Two Years On: Sandy Storm Inspires More Climate Research

This Wednesday marks the second anniversary of Hurricane Sandy, shocking photos showed the huge extent of the destruction caused by the storm. Sandy has spurred an unprecedented amount of research, attempting to tackle the questions about what role climate change might have played in producing or worsening the storm.

Could This ‘Big U’ Save NYC From Another Superstorm ?

Six winning entries in a groundbreaking federal design competition to protect cities from rising sea levels were announced on Monday, and include a colossal “Big U” system that will fortify New York City’s most vulnerable, low-lying areas…

Decade of Fire Island Research Available to Help Understand Future Coastal Changes

In addition to understanding the impacts of the storm, USGS scientists are integrating analyses of short- and long-term coastal change to better understand what factors affect coastal shorelines and how geologic controls, sea-level rise and human activities contribute to their vulnerability. Results of the research at Fire Island are applicable to other barrier systems.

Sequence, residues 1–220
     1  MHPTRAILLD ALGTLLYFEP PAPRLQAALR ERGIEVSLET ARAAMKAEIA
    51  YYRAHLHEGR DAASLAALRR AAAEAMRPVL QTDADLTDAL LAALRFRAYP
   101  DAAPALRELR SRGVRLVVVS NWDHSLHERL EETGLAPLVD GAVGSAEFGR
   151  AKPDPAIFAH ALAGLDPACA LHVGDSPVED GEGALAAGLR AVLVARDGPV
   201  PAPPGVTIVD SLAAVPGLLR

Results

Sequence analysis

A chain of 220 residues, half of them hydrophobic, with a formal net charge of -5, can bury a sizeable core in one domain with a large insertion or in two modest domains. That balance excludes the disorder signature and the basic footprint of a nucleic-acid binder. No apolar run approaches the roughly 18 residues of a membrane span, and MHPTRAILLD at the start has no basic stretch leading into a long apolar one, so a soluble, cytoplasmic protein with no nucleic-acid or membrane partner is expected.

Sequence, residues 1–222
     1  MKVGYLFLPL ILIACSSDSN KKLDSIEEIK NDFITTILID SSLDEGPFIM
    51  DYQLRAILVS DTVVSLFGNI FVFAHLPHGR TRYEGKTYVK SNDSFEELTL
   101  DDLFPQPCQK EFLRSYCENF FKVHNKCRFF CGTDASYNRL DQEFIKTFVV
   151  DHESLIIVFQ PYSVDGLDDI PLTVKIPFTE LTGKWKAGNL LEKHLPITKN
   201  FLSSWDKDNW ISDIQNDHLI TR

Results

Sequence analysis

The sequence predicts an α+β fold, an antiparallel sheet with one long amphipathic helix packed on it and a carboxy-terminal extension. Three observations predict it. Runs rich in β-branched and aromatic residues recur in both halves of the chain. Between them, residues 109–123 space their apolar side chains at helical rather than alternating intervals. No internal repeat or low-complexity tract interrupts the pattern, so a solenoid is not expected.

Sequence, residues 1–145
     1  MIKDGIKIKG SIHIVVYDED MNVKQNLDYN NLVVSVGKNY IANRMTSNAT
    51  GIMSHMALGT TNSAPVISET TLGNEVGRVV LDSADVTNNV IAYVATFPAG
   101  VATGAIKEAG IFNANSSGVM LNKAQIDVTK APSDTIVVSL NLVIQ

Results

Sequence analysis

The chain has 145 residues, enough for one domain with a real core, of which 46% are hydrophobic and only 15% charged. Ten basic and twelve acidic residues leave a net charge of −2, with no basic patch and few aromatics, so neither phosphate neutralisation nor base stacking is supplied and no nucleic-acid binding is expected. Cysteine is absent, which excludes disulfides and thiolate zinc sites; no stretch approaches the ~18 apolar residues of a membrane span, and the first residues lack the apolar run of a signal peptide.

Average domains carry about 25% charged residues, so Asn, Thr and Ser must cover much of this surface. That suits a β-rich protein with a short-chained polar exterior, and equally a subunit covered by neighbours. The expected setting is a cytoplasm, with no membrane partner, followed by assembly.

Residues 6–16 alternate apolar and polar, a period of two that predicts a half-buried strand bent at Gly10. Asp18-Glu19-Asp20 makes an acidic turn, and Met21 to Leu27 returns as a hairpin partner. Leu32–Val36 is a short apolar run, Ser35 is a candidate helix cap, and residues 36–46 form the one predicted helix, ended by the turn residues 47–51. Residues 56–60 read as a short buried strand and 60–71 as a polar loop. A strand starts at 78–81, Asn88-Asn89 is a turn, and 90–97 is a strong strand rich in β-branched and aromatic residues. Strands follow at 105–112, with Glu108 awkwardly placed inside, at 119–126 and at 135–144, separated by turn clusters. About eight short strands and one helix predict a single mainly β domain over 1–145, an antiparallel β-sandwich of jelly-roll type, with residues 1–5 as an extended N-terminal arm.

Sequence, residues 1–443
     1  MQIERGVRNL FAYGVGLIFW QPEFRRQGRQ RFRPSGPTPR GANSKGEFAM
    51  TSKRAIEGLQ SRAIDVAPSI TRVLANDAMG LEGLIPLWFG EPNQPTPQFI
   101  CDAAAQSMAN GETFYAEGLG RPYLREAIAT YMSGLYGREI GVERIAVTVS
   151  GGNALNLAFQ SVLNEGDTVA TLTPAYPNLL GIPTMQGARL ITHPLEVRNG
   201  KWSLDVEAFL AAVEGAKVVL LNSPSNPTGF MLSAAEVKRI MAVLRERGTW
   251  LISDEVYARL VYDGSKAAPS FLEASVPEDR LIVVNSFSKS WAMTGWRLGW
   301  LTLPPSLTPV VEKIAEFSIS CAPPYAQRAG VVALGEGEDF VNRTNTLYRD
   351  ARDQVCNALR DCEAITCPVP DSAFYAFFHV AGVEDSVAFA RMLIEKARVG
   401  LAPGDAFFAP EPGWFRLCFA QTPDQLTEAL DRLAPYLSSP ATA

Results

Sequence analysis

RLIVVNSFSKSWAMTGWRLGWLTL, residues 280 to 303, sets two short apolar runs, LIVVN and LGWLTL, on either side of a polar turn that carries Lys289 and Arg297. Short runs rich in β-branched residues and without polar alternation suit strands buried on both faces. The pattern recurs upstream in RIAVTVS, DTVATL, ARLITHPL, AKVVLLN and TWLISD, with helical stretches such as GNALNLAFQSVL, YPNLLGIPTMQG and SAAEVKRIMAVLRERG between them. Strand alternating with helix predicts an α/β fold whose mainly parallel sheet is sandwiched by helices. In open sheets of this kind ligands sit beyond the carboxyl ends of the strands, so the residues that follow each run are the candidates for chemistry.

A Year After Sandy, The Wrong Policy on Rebuilding the Coast

One year after Hurricane Sandy devastated parts of the U.S. East Coast, the government is spending billions to replenish beaches that will only be swallowed again by rising seas and future storms. It’s time to develop coastal policies that take into account new climate realities. By Rob Young.

Waiting for the Next Superstorm

The hurricane Sandy was one of several in the past decades that meteorologists had previously considered “once in a century” events.

5 Things Hurricane Sandy Changed for Good

Some people and places may never be the same since Hurricane Sandy hit the northern Atlantic Coast on Oct. 29, 2012. The lingering effects include lives lost and irreplaceable mementos. Barrier islands were changed forever.